"The study of history may be a search for clarity, but in the end what we have is less of a tidy explanation than a melee of names, dates, and costumes, with some blood splashed around for effect." So writes Bean Gilsdorf in the text that accompanies her one-woman show at Mission: Comics and Art. The Last Charge rushes towards us with all of these tensions intact, precise and clear in craft and intention, but full of details that mask and complicate each other.
One of Gilsdorf's many strengths is her melding of form and content. She typically appropriates her imagery; most of the work for The Last Charge consists of collaged, mass-market Civil War images printed digitally onto linen, a technical choice that echoes her concern about the glut of historical detail and our desire to freeze it in narrative form. Even when she works sculpturally, she maintains the tension. Untitled, the one piece of sculpture in the show, consists of a shelf of black, masonite silhouettes with brightly-painted edges to keep them distinct from each other. Viewed at varying distances, the silhouettes merge into one solid "image" and then fall apart again.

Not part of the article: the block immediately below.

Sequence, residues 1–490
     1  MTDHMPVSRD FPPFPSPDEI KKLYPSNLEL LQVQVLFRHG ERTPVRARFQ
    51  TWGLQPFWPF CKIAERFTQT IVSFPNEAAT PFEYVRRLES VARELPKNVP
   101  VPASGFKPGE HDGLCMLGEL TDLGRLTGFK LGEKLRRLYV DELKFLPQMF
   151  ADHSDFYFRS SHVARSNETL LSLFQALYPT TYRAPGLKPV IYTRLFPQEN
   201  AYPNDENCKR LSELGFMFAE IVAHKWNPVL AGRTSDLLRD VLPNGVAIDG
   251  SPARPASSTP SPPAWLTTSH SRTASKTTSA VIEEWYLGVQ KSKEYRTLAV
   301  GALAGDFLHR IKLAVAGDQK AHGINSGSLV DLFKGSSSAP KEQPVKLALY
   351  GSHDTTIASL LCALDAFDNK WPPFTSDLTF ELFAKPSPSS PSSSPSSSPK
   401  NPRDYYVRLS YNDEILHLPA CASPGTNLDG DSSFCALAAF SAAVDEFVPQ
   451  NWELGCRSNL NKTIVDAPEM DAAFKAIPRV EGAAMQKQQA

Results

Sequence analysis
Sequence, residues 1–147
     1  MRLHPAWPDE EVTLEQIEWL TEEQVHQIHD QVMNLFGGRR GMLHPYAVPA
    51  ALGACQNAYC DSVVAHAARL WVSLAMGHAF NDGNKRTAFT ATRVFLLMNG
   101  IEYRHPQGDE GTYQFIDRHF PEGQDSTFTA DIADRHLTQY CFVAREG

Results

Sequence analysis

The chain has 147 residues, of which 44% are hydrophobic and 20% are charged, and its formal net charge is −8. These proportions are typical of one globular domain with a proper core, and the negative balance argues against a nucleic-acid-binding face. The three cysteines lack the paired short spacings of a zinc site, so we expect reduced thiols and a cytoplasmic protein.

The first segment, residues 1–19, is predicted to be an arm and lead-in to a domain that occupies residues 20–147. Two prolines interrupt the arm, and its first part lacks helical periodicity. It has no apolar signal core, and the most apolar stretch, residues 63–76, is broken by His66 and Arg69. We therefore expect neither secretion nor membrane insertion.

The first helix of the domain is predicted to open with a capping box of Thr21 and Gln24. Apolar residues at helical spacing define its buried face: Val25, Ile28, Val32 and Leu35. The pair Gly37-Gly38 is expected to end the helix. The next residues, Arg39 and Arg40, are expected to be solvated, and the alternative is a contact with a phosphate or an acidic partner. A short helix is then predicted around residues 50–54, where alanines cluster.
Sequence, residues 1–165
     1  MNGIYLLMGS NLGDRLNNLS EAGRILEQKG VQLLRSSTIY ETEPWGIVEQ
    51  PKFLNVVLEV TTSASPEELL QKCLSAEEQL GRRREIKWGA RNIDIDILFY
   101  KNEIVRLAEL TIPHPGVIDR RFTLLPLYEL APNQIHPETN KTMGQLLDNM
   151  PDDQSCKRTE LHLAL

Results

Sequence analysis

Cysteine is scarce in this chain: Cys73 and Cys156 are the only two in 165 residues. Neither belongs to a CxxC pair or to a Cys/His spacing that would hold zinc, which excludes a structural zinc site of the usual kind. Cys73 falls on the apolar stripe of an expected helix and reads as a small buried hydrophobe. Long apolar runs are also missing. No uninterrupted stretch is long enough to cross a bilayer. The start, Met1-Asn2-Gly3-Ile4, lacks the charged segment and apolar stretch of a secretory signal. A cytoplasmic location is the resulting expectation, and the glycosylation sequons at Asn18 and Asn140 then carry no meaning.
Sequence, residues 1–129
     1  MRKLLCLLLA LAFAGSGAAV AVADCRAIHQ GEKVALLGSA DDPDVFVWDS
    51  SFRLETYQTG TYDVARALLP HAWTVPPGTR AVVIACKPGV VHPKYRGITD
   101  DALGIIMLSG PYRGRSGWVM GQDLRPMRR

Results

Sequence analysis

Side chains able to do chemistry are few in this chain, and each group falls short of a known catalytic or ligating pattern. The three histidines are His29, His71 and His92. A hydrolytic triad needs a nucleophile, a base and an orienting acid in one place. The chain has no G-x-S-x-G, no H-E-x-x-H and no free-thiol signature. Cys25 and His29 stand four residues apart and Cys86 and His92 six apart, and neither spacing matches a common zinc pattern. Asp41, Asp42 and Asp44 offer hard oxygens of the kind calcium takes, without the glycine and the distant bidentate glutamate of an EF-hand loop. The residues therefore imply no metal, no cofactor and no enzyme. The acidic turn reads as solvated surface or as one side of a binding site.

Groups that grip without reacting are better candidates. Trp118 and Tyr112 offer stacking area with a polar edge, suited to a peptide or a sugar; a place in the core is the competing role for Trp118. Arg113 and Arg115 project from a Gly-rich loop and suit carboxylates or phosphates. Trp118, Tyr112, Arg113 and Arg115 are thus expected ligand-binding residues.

Gilsdorf also works large, so that the viewer becomes immersed in her works, amplifying their emotional resonance. In Ruin, for example, we come face to face with a black-and-white image of a soldier, printed on linen over a painterly swath of gold acrylic. At 44" tall, the work disturbs because you're meant to meet the soldier's gaze, and yet where the face should be, the fabric is threadbare -- the face reduced to a ghost-image.